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Trends Microbiol. 2014 Oct;22(10):566-72. doi: 10.1016/j.tim.2014.05.009. Epub 2014 Jun 24.

Building a flagellum outside the bacterial cell.

Author information

1
University of Cambridge, Department of Pathology, Tennis Court Road, Cambridge CB2 1QP, UK.
2
University of Cambridge, Department of Pathology, Tennis Court Road, Cambridge CB2 1QP, UK. Electronic address: gmf25@cam.ac.uk.

Abstract

Flagella, the helical propellers that extend from the bacterial surface, are a paradigm for how complex molecular machines can be built outside the living cell. Their assembly requires ordered export of thousands of structural subunits across the cell membrane and this is achieved by a type III export machinery located at the flagellum base, after which subunits transit through a narrow channel at the core of the flagellum to reach the assembly site at the tip of the nascent structure, up to 20μm from the cell surface. Here we review recent findings that provide new insights into flagellar export and assembly, and a new and unanticipated mechanism for constant rate flagellum growth.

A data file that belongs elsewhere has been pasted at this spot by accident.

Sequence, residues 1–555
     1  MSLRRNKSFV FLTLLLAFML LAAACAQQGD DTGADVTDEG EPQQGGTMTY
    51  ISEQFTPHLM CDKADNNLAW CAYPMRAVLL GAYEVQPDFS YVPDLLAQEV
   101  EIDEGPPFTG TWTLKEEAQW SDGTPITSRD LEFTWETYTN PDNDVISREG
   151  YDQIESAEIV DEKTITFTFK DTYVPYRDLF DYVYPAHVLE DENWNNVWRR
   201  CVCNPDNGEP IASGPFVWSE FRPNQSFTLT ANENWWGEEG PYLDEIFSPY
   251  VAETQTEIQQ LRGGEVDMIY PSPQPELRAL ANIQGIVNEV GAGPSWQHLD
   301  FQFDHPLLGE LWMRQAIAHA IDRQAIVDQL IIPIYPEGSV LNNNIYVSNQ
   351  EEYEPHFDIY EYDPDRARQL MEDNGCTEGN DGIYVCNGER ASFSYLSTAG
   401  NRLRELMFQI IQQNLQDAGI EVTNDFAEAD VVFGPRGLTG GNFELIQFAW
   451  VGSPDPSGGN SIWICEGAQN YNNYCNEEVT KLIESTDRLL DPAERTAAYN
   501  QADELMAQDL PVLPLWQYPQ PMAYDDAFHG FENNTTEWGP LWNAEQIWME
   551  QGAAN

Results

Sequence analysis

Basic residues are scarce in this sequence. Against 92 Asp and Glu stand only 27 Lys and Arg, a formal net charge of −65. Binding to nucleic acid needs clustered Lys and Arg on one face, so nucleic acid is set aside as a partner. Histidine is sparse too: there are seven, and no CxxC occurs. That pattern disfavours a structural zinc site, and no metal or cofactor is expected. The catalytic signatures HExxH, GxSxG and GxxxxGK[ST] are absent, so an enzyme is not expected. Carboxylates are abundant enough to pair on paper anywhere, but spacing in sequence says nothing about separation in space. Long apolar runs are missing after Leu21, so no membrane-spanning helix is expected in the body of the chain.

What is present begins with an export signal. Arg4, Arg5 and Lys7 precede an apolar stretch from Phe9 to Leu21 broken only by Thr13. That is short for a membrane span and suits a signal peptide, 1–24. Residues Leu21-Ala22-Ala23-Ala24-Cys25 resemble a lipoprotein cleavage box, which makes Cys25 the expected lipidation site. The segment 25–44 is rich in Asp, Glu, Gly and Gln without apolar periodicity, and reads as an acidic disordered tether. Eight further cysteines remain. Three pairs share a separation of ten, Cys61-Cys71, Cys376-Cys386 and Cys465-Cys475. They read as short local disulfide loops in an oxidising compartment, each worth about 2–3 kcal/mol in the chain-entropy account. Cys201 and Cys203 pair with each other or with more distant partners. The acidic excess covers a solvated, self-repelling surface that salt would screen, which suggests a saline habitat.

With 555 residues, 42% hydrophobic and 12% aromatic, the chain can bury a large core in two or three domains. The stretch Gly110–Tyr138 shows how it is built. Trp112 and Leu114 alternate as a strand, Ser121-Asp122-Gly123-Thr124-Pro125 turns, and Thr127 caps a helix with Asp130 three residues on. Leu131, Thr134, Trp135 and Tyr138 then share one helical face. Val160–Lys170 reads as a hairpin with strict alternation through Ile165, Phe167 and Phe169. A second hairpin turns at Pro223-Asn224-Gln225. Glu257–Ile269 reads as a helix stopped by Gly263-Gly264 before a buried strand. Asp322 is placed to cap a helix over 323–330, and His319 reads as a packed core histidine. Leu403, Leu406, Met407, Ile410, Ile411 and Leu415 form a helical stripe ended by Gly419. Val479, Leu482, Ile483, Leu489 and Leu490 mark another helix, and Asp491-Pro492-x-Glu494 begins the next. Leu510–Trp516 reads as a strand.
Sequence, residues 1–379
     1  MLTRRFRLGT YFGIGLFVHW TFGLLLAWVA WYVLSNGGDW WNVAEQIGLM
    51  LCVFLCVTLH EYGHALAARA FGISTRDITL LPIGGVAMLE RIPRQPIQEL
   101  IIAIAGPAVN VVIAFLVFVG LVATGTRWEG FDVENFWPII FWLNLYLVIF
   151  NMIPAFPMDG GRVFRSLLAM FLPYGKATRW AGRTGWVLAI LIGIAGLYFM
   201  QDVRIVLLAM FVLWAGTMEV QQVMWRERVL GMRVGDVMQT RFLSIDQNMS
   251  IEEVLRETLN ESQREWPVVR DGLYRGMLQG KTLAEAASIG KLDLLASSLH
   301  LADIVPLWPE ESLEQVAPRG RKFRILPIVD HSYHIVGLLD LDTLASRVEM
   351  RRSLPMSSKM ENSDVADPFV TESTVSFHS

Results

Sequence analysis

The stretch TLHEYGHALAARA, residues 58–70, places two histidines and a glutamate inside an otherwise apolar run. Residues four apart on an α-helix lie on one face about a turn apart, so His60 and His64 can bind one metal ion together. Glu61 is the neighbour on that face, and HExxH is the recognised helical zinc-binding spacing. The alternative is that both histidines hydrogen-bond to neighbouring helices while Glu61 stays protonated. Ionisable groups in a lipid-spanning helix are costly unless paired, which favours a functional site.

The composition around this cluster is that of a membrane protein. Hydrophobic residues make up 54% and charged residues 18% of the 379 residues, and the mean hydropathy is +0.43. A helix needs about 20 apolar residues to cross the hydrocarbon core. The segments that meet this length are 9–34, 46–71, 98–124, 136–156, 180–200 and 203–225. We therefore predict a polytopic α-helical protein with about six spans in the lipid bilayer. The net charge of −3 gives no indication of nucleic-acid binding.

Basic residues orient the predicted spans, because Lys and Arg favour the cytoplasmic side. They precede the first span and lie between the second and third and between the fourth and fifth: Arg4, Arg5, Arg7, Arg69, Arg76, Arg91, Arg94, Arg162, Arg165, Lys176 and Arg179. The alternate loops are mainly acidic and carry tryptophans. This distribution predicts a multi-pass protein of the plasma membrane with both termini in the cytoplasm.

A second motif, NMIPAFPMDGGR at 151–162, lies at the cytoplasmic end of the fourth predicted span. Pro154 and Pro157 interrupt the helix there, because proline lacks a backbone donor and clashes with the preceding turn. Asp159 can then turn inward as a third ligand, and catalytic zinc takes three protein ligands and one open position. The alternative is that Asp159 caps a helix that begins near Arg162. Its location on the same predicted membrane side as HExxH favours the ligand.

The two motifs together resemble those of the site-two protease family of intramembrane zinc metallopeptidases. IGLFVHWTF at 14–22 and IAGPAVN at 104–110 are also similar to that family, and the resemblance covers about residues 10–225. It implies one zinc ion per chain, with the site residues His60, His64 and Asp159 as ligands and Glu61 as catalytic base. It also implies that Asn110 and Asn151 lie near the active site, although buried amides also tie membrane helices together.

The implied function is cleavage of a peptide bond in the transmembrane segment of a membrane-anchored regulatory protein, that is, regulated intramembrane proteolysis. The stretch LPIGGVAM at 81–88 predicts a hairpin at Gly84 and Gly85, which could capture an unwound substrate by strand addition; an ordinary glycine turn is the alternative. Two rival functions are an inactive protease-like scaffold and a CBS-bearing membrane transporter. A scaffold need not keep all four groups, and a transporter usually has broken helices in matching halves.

KEYWORDS:

bacterial flagellum; cell motility; chain mechanism; protein export; rotary nanomotor; type III secretion system

PMID:
24973293
PMCID:
PMC4183434
DOI:
10.1016/j.tim.2014.05.009
[Indexed for MEDLINE]
Free PMC Article
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